National

Lost lives in Kawasaki rampage: A good-natured schoolgirl and a Burmese-language specialist

Kyodo

Hanako Kuribayashi was known as being a thoughtful and good-natured girl, while Satoshi Oyama was recognized as a specialist in the Burmese language and a highly qualified Foreign Ministry official, before they were killed in Tuesday’s mass stabbing in Kawasaki.

The two fell victim when a man wielding knives stabbed 17 students and two parents waiting with them for their school bus in the city near Tokyo. The suspect, identified by police as 51-year-old Kawasaki resident Ryuichi Iwasaki, died at a hospital as a result of a self-inflicted stab wound to his neck.

Hanako, 11, was a sixth-grader at Caritas Elementary School, a private Catholic school.

At a news conference, Satoru Shitori, vice principal of the school, said Hanako had approached a family who had come to visit Caritas in hopes of transferring last week to tell them about the appeal of the school.

“You can study foreign languages here. Join the school,” she had told them, according to Shitori.

“She came to see me even during the breaks,” the vice principal said. “This is a memory I’ll cherish.”

Hanako was also known around her neighborhood for her cheerful personality. Next-door neighbor Takashi Kimura, 72, often saw her walking her dog with her mother.

“She was an active child who spoke clearly. She was out shopping with her mother the last time I saw her. I can’t believe things like this happen,” he said.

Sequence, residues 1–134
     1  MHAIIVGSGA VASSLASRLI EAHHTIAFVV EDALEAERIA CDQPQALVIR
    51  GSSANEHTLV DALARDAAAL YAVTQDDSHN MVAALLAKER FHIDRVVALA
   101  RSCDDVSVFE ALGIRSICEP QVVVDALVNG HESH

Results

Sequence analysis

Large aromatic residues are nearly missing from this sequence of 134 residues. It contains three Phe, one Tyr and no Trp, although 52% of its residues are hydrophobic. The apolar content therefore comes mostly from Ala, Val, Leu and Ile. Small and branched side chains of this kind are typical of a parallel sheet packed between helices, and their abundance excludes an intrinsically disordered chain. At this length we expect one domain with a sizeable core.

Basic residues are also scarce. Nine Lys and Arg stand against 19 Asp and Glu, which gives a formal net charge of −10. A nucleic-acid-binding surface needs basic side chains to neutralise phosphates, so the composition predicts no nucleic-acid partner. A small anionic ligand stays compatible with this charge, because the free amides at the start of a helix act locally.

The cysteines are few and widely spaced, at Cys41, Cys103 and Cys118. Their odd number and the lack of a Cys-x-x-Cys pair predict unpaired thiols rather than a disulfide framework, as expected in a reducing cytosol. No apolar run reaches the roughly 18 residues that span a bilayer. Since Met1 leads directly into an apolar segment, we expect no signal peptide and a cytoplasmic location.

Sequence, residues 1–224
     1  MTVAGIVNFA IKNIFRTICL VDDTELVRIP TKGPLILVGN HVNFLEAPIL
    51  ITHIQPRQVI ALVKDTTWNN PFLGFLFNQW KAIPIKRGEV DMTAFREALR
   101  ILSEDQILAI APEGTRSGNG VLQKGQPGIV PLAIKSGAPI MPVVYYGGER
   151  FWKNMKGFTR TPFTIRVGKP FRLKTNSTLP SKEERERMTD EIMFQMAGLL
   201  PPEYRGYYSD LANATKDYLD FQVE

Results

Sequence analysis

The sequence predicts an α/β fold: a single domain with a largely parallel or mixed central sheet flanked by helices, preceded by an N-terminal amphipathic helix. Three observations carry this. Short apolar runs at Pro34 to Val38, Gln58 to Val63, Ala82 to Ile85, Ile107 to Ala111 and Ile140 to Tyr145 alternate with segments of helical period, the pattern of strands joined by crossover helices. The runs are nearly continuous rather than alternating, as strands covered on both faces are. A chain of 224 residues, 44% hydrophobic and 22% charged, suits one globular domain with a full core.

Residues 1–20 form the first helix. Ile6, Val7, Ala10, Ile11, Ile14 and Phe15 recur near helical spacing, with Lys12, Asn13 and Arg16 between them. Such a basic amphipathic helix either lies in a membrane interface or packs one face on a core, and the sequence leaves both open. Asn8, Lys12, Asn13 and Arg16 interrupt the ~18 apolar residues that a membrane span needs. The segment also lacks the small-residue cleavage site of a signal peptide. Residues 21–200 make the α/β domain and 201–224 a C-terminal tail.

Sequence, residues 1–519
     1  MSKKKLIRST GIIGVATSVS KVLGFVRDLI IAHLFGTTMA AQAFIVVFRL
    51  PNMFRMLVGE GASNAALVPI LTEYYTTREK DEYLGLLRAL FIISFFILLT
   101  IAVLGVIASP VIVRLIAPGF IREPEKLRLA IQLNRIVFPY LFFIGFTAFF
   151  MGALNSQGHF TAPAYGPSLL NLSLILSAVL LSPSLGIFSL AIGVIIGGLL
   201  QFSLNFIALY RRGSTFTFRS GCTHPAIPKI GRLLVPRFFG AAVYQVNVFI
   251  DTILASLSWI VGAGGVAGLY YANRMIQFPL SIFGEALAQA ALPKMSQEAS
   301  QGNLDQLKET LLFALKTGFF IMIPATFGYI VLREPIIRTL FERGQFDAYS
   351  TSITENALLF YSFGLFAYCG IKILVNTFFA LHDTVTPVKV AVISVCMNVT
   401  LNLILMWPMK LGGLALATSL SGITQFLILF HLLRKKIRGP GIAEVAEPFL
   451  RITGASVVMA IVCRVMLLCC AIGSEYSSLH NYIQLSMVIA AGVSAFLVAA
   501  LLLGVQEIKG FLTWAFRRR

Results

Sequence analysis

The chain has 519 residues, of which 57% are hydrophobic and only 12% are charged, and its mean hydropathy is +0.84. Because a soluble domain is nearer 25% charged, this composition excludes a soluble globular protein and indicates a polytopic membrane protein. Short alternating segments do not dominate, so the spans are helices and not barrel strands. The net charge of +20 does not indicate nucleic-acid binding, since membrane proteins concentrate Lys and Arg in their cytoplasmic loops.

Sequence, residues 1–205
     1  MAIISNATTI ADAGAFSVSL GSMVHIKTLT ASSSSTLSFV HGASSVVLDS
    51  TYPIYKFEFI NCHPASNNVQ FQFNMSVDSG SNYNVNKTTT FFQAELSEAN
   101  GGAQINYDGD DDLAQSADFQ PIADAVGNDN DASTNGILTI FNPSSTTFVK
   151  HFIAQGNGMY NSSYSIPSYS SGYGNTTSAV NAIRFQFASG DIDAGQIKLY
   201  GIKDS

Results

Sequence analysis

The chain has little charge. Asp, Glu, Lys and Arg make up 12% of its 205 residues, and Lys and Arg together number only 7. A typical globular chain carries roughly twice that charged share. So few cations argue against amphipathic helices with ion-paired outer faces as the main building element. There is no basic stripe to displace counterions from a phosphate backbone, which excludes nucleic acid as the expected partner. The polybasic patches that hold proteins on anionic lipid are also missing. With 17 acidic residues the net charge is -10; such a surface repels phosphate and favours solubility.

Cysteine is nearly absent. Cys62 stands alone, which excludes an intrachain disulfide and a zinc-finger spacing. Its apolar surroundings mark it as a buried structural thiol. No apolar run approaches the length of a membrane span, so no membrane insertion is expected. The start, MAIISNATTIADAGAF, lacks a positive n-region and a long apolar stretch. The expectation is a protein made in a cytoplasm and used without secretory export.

Principal Teiko Naito said Hanako was “full of smiles and always said ‘good morning.’ “

“I can’t believe this,” Naito said.

Hanako’s father met with reporters outside their home Tuesday afternoon.

“Please spare us today,” he said. “We’ll respond in the future, but I can’t leave my wife alone today.”

Oyama, who worked for the Foreign Ministry and was the father of one unharmed student, was well-known as a specialist in Burmese — even outside the ministry — and had a promising future ahead of him, likely as a diplomat to Myanmar.

According to the Foreign Ministry’s website, Oyama joined the ministry in 2004 and was sent in 2007 to the Japanese Embassy in Myanmar, where he often worked as an interpreter.

“He was a Burmese specialist and an extremely brilliant young official. This is very deplorable,” Foreign Minister Taro Kono told a media gathering.

“He had worked for the embassy in Myanmar and was someone who led Japan’s diplomacy with Myanmar,” he added.

The 39-year-old was married and often seen playing with his child near their home.

Former Ambassador to Myanmar Tateshi Higuchi was shaken when he heard news of Oyama’s death. Highly qualified, warm-hearted, humble and genuine were among the words he used to describe him.

“He was young, but any manner of praise would apply to him,” the former ambassador said. “I’m incredibly shocked.”

Oyama had helped Higuchi in 2014 prior to Higuchi’s move to Myanmar, and had acted as an interpreter when meetings were held by dignitaries from both Japan and Myanmar, including de facto leader Aung San Suu Kyi, during the four years Higuchi was ambassador.

“I’ll remember how extremely supportive he was,” Higuchi said. “I can picture his friendly smile.”

Oyama and his wife were graduates of the Tokyo University of Foreign Studies. She was also knowledgeable in Burmese and the like-minded couple got along well, the former ambassador said.

Ma Myintmyintthan, the manager of a Burmese restaurant in Tokyo that Oyama and his family had been visiting since two years ago, visited the site of the attack Wednesday to offer prayers.

“He was always singing Burmese songs joyously. I saw the news on the incident and couldn’t believe it was Oyama (who was killed),” the manager said.